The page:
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Letters to Nature
Nature 300, 178 - 180 (11 November 1982); doi:10.1038/300178a0

Competition between female relatives in a matrilocal mammal

T. H. Clutton-Brock, S. D. Albon & F. E. Guinness

Large Animal Research Group, Department of Zoology, Cambridge CB3 0DT, UK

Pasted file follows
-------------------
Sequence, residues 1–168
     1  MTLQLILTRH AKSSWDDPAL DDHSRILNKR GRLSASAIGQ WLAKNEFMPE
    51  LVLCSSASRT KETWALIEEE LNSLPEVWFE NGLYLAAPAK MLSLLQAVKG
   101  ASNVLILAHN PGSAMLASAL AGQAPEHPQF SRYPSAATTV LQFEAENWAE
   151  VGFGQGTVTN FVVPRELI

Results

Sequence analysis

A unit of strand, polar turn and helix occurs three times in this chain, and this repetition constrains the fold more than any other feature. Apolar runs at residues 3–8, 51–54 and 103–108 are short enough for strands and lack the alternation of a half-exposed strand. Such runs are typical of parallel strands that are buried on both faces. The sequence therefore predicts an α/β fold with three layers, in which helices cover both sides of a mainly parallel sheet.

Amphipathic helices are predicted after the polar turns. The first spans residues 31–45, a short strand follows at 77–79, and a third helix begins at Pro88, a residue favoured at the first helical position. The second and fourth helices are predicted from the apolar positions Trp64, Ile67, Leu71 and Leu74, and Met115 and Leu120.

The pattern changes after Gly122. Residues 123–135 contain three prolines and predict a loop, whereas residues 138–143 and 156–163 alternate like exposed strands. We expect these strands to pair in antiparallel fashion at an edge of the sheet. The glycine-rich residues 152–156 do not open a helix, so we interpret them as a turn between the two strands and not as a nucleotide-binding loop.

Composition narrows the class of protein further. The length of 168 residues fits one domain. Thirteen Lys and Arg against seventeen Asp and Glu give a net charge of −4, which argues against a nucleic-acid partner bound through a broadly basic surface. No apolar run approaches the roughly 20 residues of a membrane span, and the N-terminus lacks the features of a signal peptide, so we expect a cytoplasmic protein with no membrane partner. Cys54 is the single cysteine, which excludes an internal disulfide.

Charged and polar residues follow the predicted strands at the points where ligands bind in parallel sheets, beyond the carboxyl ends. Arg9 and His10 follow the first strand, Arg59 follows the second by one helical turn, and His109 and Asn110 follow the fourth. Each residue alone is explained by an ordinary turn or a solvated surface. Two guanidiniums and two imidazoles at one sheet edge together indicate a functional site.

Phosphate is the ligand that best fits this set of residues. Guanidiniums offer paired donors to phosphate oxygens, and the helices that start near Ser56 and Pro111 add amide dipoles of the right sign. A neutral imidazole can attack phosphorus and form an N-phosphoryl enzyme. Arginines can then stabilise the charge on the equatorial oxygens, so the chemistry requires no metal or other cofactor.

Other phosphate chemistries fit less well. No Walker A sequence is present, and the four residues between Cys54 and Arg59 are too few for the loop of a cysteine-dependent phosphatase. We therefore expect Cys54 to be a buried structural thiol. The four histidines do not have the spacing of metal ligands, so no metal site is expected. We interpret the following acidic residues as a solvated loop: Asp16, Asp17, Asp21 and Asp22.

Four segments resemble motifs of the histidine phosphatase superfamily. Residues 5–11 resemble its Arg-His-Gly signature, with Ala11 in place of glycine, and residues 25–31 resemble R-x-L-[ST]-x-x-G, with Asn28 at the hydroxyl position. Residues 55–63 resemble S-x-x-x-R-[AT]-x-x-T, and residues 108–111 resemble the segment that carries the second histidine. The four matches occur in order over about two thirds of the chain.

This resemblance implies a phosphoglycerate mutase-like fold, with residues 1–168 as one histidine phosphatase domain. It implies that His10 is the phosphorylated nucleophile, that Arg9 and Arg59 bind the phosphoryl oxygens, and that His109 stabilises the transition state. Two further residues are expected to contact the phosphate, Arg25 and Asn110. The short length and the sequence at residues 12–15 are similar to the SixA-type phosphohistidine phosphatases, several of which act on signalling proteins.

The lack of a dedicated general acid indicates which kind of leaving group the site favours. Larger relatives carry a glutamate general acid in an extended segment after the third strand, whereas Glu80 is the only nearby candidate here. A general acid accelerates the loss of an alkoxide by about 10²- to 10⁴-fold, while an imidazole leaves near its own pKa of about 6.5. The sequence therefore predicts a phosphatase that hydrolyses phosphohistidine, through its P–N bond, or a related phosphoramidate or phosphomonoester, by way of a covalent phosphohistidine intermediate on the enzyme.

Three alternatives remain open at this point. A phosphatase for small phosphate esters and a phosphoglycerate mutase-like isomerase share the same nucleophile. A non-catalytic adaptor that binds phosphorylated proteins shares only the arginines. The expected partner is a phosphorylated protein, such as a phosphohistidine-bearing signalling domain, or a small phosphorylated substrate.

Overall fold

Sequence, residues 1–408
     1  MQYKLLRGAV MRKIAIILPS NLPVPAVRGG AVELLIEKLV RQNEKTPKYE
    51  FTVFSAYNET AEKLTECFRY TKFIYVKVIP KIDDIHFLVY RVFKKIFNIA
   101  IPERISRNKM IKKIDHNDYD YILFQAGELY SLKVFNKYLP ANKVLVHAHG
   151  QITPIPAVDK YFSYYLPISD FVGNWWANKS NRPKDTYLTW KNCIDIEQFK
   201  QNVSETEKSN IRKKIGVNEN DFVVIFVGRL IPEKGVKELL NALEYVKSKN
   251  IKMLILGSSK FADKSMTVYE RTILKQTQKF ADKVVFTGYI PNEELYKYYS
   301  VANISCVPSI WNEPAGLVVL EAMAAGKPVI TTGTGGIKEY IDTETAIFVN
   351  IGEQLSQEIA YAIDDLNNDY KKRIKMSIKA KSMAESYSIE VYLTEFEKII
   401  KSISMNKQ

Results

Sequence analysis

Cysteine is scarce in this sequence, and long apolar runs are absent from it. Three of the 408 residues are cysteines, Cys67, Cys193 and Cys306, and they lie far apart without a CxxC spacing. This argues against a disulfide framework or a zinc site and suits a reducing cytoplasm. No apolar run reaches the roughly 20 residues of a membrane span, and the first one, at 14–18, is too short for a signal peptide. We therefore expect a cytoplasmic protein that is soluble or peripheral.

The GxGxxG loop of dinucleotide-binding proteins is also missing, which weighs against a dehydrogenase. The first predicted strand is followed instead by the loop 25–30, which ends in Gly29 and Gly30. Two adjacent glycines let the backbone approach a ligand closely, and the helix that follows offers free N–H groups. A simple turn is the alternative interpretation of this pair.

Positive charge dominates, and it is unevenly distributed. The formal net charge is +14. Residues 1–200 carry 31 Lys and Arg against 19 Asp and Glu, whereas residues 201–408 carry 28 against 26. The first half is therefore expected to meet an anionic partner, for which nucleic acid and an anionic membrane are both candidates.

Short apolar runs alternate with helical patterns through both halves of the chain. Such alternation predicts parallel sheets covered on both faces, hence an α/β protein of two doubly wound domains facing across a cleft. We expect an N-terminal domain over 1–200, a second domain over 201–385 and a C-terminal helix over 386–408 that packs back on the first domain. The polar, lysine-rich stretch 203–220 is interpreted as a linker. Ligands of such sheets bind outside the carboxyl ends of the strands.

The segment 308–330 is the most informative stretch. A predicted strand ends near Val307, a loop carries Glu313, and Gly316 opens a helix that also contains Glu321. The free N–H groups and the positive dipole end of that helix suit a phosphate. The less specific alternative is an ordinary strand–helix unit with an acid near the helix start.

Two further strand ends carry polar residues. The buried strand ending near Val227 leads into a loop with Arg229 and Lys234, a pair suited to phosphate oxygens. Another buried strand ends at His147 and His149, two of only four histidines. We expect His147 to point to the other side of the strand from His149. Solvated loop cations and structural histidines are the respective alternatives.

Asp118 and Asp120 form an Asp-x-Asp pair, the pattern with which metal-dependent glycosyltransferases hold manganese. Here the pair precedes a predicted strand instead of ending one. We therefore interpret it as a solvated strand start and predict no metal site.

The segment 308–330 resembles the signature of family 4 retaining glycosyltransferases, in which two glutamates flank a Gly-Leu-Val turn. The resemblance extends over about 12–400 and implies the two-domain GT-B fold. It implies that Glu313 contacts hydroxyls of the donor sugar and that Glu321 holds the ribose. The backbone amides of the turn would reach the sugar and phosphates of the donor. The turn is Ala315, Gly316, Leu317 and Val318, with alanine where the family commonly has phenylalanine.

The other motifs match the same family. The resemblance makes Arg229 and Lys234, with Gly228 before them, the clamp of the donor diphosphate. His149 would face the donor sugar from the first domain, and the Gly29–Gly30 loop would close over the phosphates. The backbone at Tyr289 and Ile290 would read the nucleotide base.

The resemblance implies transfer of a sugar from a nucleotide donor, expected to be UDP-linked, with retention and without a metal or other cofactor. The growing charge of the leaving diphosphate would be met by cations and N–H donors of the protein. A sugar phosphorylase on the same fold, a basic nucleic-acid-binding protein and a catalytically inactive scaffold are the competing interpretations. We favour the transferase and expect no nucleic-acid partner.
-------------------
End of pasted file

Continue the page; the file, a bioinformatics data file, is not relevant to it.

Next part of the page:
Evolutionary theory predicts that in sexual organisms the average parents should invest equally in their male and female progeny1 except where related males compete with each other to mate, when selection may favour parents that produce a female-biased sex ratio2–4. It has recently been suggested that in species where daughters adopt home ranges overlapping those of their mothers while sons disperse, competition for resources between female siblings may select for mothers who produce male-biased sex ratios5. We show here that in a mammal living in matrilocal, non-territorial groups—the red deer (Cervus elaphus)—the presence of resident female relatives depresses the reproductive success of adult females, providing a possible explanation of the apparent bias in parental investment towards male offspring in this species6.

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